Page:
Success Starts Early - Abundance Mindset
I heard a story about some kid who came across a man catching crabs along the beach. He stored all of the crabs in a bucket, but there was no lid on top.
"Hey mister, you're going to lose all of your crabs!" The kid was convinced the crabs could easily climb out.
"No, son," the man replied, "because if one tries to get out, the others will always pull him back in."
Spend enough time trying to improve yourself and eventually you'll come across someone who doesn't like it, just like those crabs that don't want the other one to escape. There are various reasons why some people might not want you to do your very best - it might be that they disagree with your priorities, or they think that you'll make them look lazy if you succeed where they haven't. But many times it's simply because they have the mistaken impression that more for you means less for them. To really maximize your potential it's critical to develop an abundance mentality.
In school we all learn about pie charts, right? As I'm writing this post, it's fall and I've got ingredients ready to make some pumpkin pie. One thing I have to be very careful about, however, is how I slice it because there's no way to evenly divide six pieces among five family members. I've had teachers that taught fractions by telling about how many slices of some imaginary pizza or pie had been taken, assuming there were a group of evenly-sized slices at the beginning. They'd ask questions like, "if Sally took two of the eight slices, how many are left for the rest of the children?" My question was always related to how many other pizzas were available, because I've rarely been to a party with only one.
In the real world, the amount of physical resources that are available are almost never finite. If I buy seeds for a dollar, for instance, then take the time and energy to plant and tend them until a tree grows, then I can harvest the fruit or even cut it down for lumber. The product will far surpass $1 in value! Every day, people trying to sell houses will take a few dollars of paint and cover their walls to improve appeal and drive up the price. In America, as well as several other nations with economies that give citizens the ability to own property and other valuable goods, ambitious people are free to create value any way they can. So rather that taking pieces of the pie, you're free to cook as many pies as you like.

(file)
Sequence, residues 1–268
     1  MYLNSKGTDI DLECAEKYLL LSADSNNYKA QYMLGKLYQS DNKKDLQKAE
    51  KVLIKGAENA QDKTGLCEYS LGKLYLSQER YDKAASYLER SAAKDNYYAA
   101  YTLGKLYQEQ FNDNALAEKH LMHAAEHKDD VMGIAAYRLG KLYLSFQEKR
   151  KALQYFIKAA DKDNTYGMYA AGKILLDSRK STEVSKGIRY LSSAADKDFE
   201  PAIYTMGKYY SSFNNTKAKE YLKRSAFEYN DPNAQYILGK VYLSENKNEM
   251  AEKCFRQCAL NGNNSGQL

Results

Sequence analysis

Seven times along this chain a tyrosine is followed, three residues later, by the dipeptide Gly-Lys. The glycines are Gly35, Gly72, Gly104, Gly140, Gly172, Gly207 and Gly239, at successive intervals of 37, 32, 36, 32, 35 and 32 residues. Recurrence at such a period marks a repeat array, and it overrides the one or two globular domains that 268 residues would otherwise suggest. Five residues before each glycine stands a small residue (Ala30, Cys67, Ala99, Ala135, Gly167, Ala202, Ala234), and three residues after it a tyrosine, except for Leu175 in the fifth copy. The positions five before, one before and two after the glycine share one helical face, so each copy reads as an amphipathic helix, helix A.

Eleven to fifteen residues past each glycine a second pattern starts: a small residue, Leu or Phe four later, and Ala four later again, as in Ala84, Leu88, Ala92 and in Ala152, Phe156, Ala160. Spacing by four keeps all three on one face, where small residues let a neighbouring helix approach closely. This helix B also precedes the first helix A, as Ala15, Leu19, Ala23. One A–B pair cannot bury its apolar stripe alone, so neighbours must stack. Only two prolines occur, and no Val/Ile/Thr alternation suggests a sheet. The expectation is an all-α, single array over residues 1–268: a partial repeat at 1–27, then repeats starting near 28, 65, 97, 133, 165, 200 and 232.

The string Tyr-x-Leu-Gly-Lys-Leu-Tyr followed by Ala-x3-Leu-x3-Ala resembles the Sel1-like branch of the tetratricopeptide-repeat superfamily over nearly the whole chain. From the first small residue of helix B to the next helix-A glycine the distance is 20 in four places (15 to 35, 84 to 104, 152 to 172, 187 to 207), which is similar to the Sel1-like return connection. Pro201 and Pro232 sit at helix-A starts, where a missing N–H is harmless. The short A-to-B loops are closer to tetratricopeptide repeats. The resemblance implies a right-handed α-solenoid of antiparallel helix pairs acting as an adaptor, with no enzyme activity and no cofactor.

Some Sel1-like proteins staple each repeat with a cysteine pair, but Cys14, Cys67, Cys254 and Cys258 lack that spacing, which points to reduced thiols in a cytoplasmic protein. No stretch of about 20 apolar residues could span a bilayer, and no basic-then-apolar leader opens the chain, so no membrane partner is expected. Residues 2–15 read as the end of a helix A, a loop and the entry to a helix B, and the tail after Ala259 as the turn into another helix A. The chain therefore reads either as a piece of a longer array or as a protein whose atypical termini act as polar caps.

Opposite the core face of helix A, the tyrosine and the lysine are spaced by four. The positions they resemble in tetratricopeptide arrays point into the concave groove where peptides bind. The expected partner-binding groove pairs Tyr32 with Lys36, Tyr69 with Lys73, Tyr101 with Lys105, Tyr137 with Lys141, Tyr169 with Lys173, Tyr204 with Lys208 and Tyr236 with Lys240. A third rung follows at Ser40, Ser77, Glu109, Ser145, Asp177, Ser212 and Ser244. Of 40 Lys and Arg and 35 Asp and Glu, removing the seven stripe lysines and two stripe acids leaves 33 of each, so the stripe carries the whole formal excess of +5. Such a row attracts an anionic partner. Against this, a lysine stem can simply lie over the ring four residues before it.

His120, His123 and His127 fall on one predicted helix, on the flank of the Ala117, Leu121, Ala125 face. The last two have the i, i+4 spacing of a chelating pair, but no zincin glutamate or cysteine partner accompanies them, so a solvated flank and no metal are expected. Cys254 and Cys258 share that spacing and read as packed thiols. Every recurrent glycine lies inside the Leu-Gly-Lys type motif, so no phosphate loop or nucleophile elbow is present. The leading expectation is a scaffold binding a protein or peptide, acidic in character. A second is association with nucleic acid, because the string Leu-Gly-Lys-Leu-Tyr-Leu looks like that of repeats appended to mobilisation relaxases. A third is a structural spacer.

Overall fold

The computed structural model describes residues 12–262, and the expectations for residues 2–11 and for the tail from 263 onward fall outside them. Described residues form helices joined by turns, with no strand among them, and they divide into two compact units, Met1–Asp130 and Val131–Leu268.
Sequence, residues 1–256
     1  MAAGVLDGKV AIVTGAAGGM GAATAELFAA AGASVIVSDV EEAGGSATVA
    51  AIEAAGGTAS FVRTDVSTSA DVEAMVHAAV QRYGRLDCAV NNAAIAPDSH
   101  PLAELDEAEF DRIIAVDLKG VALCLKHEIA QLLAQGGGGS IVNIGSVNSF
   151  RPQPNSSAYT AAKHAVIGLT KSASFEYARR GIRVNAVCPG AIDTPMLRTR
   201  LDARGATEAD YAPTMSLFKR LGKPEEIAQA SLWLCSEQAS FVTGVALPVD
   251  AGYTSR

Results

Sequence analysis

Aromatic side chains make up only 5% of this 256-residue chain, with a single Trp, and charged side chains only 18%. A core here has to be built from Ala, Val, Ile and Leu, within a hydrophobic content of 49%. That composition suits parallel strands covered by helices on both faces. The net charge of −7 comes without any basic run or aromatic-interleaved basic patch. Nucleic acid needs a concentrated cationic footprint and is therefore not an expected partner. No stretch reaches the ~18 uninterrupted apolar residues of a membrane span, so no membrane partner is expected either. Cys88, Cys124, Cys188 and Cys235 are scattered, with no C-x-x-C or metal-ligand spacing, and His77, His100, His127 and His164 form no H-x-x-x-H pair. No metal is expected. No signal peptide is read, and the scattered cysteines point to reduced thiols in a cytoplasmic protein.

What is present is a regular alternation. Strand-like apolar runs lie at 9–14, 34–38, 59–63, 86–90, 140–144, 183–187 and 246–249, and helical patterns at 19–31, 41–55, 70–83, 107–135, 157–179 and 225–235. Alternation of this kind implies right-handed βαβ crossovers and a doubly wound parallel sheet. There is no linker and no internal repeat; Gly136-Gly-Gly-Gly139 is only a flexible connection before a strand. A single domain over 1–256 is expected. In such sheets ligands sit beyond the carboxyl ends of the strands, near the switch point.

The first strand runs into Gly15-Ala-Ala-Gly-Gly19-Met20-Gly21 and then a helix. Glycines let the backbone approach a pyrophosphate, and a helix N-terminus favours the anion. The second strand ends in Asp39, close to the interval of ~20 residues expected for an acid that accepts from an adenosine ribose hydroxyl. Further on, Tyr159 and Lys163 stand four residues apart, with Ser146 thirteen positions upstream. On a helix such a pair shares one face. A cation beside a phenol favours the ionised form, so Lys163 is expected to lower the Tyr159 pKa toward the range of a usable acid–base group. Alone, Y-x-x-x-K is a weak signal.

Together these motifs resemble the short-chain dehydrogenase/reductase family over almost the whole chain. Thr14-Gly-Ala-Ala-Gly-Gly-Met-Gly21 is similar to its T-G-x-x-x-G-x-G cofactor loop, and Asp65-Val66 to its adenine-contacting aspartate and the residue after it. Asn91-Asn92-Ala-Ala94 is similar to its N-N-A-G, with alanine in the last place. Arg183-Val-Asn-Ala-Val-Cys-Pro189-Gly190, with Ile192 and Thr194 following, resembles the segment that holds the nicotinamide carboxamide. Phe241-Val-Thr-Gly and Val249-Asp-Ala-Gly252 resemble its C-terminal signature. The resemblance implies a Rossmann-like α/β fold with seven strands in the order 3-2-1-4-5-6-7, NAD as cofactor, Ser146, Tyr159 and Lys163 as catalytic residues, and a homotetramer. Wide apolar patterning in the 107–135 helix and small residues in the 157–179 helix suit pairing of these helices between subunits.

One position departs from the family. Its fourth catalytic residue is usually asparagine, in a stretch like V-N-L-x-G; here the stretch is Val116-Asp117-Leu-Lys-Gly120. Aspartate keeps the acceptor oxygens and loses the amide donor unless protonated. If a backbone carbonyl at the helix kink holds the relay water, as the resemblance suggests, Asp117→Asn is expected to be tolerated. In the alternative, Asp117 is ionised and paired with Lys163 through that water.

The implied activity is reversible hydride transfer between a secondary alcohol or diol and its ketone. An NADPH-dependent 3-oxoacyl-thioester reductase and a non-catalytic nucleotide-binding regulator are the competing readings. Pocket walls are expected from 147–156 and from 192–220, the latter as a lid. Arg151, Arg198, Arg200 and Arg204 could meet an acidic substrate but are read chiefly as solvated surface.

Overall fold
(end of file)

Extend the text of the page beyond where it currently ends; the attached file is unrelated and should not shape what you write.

But what about other important resources that aren't tangible or financial? Well, any parent will be able to tell you that emotions aren't limited either. Loving one child doesn't mean you're unable to love a second, third, or more. A person's levels of affection, concern, hope, and confidence are among the many traits that can never be measured or exhausted, no matter how many people share them. So be sure to give them freely and open yourself up to receive them as well, knowing you'll never take more than someone can spare. That's what it means to have an abundance mindset - knowing there will always be enough to go around.
There is one resource that should be noted as the only limiting factor, however, and that is time. It is the one factor that makes all of mankind equal, because every day we all have the exact same 24 hours. Rich or poor, strong or weak, old or young, we are all given the exact same amount, and that means that none of us can afford to let it be wasted. So make every minute count, add as much value to the world as you can, and never worry about having too much pie. Soon enough, you'll be surprised to find that you are able to climb out of that bucket!
Research how much a pound of a certain metal costs. Then figure out how many nails, pins, or springs you could make and see what value you can create from such a simple raw material.
In his classic book, How To Win Friends & Influence People, Dale Carnegie tells how Charles Schwab created value for his boss, Andrew Carnegie. He used his understanding of people skills to create a competition between shifts of steel workers to outproduce one another - making a huge profit for the company as well as helping him to earn what may have been the nation's very first million-dollar salary for any employee. Everybody who was involved accomplished (and earned) more because he added value and knew how to generate abundance!
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